It’s not as if we need an excuse to order chicken wings, but these beauties stole our hearts even before we sunk our teeth into them. To make them, the kitchen carefully removes the meat and bones from the wings, mixes the flesh with cashews and paneer (the Indian equivalent of cottage cheese) before stuffing them back into their skins.
The chubby wings are then deep-fried before given time in a tandoor for their stretched-out skins to blister to a friable crisp. The fragile panes of skin literally shattered to the bite as they gave way to succulent flesh with a lovely creaminess from the cashews and paneer. The wings were so delicious, we didn’t need the rather bland butter chicken dip that came with them.
Coming in a close second were the dhal duck hearts (S$7 for two skewers) — threaded through a skewer and cooked so they were still pink in the middle, served with a piquant tamarind cream and topped with a flurry of crunchy, lightly spiced dhal crumbs. There was so much flavour and texture in this seemingly simple dish.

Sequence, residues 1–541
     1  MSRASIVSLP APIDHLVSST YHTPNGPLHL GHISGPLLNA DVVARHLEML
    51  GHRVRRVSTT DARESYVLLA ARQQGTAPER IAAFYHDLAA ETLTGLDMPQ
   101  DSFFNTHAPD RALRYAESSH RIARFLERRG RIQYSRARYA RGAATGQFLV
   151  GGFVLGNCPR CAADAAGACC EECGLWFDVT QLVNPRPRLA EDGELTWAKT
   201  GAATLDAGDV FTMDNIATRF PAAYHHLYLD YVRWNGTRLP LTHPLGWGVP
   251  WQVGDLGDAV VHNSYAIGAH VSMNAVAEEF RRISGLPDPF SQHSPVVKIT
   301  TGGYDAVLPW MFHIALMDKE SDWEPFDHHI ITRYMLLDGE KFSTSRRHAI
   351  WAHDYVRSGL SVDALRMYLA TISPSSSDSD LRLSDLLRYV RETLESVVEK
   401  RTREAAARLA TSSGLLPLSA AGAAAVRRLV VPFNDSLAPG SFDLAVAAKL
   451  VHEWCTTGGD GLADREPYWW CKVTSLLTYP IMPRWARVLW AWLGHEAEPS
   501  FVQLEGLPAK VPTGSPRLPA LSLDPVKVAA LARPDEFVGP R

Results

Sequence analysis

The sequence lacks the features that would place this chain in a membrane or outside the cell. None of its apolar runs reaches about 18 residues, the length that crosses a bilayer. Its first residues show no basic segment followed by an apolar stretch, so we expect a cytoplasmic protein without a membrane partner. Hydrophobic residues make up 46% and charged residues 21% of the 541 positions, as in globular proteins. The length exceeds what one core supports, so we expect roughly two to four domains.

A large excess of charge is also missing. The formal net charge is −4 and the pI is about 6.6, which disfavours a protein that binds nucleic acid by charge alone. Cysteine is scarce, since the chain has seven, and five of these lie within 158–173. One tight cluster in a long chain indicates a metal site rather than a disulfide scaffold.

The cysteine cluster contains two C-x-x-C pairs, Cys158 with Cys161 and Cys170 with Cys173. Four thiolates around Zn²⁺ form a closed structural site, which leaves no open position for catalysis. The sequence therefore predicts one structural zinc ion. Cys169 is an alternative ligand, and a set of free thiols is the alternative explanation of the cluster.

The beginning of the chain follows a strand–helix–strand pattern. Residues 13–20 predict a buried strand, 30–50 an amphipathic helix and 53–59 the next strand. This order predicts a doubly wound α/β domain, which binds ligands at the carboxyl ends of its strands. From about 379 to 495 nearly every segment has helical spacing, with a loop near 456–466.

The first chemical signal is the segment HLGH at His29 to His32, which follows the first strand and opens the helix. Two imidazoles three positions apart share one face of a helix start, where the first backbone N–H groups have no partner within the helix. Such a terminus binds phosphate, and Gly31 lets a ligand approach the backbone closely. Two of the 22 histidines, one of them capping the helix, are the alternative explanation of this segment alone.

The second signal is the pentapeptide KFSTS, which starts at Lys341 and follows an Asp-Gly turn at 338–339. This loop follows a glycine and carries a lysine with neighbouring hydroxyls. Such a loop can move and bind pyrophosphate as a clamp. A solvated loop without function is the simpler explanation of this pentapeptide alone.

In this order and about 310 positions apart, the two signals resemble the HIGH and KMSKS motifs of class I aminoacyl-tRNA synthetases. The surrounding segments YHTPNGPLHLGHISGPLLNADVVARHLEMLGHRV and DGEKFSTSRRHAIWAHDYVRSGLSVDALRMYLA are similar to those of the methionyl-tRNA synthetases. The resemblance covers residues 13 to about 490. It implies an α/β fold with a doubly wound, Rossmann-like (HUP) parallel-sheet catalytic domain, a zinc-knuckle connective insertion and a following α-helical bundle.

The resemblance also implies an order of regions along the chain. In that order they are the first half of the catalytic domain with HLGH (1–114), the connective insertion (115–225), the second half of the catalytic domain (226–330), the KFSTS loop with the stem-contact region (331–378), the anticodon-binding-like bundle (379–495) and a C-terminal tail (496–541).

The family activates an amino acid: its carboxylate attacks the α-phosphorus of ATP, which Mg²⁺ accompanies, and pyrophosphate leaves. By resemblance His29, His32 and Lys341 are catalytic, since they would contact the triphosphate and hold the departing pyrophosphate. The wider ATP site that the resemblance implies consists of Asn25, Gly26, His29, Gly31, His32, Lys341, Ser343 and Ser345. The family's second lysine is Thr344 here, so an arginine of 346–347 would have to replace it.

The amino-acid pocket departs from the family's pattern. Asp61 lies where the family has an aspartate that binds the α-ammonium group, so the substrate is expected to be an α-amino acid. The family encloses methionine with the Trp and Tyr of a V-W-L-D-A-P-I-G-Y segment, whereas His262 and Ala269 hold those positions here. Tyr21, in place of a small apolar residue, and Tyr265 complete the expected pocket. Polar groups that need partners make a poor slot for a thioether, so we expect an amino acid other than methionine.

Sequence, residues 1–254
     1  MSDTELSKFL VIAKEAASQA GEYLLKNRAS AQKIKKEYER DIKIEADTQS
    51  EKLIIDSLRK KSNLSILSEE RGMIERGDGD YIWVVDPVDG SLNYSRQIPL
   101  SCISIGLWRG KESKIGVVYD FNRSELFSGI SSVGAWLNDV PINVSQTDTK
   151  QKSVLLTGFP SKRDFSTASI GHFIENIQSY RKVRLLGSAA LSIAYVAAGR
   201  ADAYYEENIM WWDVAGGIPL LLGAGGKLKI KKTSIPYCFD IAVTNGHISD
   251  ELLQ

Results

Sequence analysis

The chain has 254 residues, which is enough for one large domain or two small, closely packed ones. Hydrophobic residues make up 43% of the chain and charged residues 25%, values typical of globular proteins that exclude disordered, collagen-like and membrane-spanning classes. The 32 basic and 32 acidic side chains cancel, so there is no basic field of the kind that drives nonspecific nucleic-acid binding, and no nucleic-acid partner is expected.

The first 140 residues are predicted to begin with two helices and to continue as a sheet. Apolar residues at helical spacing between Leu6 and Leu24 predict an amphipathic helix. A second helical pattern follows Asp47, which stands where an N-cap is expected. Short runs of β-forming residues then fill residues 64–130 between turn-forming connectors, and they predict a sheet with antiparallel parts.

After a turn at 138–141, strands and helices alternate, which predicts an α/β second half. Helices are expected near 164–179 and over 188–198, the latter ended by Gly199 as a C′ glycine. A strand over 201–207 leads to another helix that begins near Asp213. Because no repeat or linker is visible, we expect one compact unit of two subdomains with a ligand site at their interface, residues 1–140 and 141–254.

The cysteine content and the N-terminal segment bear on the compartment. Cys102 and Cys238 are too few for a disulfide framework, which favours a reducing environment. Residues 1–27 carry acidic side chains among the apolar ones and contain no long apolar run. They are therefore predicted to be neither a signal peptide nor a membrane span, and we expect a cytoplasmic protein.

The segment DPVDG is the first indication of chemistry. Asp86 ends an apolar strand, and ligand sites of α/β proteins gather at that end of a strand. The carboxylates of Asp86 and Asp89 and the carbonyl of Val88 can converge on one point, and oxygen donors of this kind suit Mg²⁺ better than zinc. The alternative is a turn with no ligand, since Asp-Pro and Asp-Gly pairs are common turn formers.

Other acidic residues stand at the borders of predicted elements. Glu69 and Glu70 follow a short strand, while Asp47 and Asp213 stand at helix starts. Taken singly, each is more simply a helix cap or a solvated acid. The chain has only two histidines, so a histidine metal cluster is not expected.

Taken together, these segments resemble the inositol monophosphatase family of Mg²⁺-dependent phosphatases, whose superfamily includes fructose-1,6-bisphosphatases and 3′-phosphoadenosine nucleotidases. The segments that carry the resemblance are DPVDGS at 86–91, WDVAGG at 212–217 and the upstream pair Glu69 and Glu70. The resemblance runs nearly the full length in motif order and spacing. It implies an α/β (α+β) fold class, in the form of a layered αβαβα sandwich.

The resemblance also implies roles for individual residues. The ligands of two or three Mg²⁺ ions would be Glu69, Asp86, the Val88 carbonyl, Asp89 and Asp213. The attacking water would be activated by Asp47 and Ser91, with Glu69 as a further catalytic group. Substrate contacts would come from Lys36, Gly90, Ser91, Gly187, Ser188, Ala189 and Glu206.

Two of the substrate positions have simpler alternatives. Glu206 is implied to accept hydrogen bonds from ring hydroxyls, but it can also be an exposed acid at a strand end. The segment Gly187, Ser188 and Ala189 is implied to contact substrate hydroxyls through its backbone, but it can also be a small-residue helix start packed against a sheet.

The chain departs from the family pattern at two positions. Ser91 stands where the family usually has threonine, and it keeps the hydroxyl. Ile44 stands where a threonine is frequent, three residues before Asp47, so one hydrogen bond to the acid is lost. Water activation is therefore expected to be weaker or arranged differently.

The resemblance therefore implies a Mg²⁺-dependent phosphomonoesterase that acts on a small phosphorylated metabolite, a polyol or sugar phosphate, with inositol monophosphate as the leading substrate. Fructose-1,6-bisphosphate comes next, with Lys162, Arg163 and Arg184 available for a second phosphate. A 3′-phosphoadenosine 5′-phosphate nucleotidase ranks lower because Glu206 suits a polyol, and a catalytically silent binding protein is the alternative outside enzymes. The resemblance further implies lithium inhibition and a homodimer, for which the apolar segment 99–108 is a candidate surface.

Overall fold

Suffice it to say, we are fans of the Indian-inspired American barbecue dishes that chef Andrew Baldus has brought to this Little India outpost of Meatsmith (the flagship restaurant serves classic Southern American smokehouse favourites along Telok Ayer Street).
Just about everything on the compact menu called out to us — coconut chutney pork ribs (S$26), biryani stuffed suckling pig (S$48), lamb chops with chimichutney (S$21). So we did what any bewildered gorger would and ordered the Meat Platter. At S$58 per person, the option doesn’t sound particularly prudent. But our platter for two fed five of us amply, along with a selection of five appetisers.
Among our favourites on the tray were the smoky lamb chops, singed around the edges, tender within, and wonderful paired with the sharp chimichutney (think chimichurri and chutney) sauce. The bone-in short ribs were divine too — spoon-tender and simply flavoured, they were a nice contrast to spices that anointed the other meats.
The menu is short on desserts, but the smoked cashew butter chocolates (S$3) hit the bittersweet spot nicely with their snappy dark chocolate shell and earthy nut butter filling. If, however, your sweet tooth requires some post-meal attention, a mug of sugary Indian teh tarik is merely a coffeeshop away.
Meatsmith Little India, 21 Campbell Lane. facebook.com/meatsmith.littleindia